Even their sacrifices are made more frequent, not merely to gratify feelings of revenge, but to indulge their taste for this horrid food. In respect to this propensity, they affect no disguise ; I have myself frequently spoken with them concerning it, and received but one answer, both from chiefs and common people, that it was vinaka (good).
The bodies of enemies slain in battle are always eaten. Whippy told me that he saw, on one occasion, upwards of twenty men cooked; and several of the white residents stated that they have seen bodies
brought from such a distance as to be green from putrescence, and to have the flesh dropping from the bones, which were, notwithstanding, eaten with greediness and apparent pleasure.
War, however, does not furnish enough of this food to satisfy their appetite for it. Stratagem and violence are resorted to for obtaining it. While we were at Levuka, as a number of women belonging to the village were engaged in picking up shells and fishing, a canoe belonging to the Lasikaus, or fishermen, in passing by the reef, seized and carried off two of them, as it was believed, for cannibal purposes. When I heard the story I could not at first believe it; but it was confirmed by Tui Levuka, who said that the Lasikaus frequently stole women from the reefs for the purpose of eating them.
All doubt, however, was removed, when Mr. Eld, while stationed at the observatory, became an eye-witness of an attempt of the kind. The daughter of the Vi Tonga* chief, with soine of her companions, was engaged in fishing on the reef in a small canoe. By some acci. dent the canoe was swamped, which rendered them a prize to whoever should capture them. A canoe from Ambau had watched the poor creatures like a hawk, and, as soon as the accident happened, pounced upon them. The men in the canoe succeeded in capturing the chief's daughter, and forced her into the vessel. When near the shore, how. ever, she contrived to make her escape by jumping overboard, and reached the shore before they could overtake her. Clubs and spears were thrown at her, with no other effect than a slight scratch under the arm, and a bruise on her shoulder. On the beach she was received by her friends, who stood ready to protect her, upon which the Ambau people gave up the pursuit.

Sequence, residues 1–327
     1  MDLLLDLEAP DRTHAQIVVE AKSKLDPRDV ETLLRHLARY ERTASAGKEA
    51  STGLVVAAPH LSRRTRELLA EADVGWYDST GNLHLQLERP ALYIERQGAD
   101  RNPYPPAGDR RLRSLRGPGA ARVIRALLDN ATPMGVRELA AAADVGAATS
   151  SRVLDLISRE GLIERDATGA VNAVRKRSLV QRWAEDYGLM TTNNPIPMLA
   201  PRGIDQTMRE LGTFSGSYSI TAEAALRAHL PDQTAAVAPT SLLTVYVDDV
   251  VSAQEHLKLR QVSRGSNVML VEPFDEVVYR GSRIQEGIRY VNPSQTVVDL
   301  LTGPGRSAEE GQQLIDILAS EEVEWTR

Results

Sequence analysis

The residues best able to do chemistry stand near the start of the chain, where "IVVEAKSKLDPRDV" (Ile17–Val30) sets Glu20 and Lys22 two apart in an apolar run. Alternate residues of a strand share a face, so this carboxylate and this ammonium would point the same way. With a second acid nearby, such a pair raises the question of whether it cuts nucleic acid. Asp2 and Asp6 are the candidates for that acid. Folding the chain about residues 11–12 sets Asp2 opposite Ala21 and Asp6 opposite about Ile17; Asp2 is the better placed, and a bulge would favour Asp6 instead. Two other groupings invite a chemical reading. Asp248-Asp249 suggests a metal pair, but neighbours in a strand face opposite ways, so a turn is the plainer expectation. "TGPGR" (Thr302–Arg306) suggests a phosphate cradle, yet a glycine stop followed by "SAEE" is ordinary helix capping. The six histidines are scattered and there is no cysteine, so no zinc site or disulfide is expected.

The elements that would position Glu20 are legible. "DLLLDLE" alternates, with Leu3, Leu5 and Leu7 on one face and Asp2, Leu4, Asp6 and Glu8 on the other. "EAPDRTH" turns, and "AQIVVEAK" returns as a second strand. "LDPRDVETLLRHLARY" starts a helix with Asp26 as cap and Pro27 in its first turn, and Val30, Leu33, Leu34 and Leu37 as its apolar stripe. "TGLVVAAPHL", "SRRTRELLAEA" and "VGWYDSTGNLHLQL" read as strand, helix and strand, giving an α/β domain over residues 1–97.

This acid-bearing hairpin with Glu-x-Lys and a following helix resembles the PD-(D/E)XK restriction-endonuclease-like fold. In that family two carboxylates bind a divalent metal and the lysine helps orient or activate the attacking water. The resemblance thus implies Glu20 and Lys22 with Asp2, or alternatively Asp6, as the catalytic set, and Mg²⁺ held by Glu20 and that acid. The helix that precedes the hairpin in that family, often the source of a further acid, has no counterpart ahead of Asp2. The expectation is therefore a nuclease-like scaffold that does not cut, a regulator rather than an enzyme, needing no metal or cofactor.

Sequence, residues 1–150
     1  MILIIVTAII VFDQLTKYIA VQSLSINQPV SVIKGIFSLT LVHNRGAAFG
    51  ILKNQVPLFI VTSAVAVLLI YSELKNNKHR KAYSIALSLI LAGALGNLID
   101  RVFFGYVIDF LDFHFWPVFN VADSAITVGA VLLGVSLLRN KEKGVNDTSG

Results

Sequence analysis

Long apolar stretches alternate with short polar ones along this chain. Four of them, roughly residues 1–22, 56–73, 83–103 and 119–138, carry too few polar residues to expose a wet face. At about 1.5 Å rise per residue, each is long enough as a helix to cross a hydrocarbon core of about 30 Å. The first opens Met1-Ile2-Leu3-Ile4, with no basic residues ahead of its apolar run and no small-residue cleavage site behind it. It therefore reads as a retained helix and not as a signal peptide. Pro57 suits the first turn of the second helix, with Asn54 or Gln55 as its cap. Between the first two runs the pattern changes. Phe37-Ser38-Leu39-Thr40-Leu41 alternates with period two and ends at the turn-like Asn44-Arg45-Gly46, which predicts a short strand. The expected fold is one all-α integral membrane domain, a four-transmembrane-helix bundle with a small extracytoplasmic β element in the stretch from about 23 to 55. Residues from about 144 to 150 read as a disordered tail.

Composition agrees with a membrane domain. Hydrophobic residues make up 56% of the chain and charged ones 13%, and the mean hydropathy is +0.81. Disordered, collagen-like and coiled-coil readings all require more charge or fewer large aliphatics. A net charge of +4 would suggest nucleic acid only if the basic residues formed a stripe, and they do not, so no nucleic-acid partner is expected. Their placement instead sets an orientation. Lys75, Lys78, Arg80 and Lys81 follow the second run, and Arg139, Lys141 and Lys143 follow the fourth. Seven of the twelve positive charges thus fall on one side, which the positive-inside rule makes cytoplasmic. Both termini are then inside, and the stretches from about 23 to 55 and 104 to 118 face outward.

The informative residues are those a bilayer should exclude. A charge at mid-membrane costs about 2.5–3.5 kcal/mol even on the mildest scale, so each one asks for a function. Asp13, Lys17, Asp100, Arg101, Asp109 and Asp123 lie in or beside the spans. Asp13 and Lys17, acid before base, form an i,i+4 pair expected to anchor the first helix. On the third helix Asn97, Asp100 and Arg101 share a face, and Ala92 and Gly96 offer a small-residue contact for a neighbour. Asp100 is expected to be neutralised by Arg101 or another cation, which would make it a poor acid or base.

The cannibal propensity is not limited to enemies or persons of a different tribe, but they will banquet on the flesh of their dearest friends, and it is even related, that in times of scarcity, families will make an exchange of children for this horrid purpose.
The flesh of women is preferred to that of men, and they consider the flesh of the arm above the elbow, and of the thigh, as the choicest parts. The women are not allowed to eat it openly, but it is said that the wives of chiefs do partake of it in private. It is also forbidden to the kai-si, or common people, unless there be a great quantity, but they have an opportunity of picking the bones.
As a further instance of these cannibal propensities, and to show that the sacrifice of human life to gratify their passions and appetites is of almost daily occurrence, a feast frequently takes place among
* Vi Tonga is a town immediately below the point on which the observatory was placed
the chiefs, to which each is required to bring a pig. On these occasions Tanoa, from pride and ostentation, always furnishes a human body.
A whale's tooth is about the price of a human life, even when the party slain is of rank, as will be shown by the following anecdotes. Rivaletta, the youngest son of Tanoa, while passing along the north end of Ovolau in his canoe, descried a fishing party. He at once determined to possess himself of what they had taken, and for this purpose dashed in among them, and fired his musket. The shot killed a young man, who proved to be a nephew of Tui Levuka, the chief of Ovolau, and was recognised by some of Rivaletta's followers. This discovery did not prevent their carrying the body to Ambau to be feasted upon; but, in order to prevent it from being known there, the face was disfigured by broiling it in the fire in the canoe. Tanoa, however, soon became aware of the fact, and forthwith sent a whale's tooth to Tui Levuka, as the value of his loss, together with a number of little fingers, cut from the people of Ambau, as a propitiatory offering. The remuneration was received by Tui Levuka as sufficient, and no more notice was taken of the matter.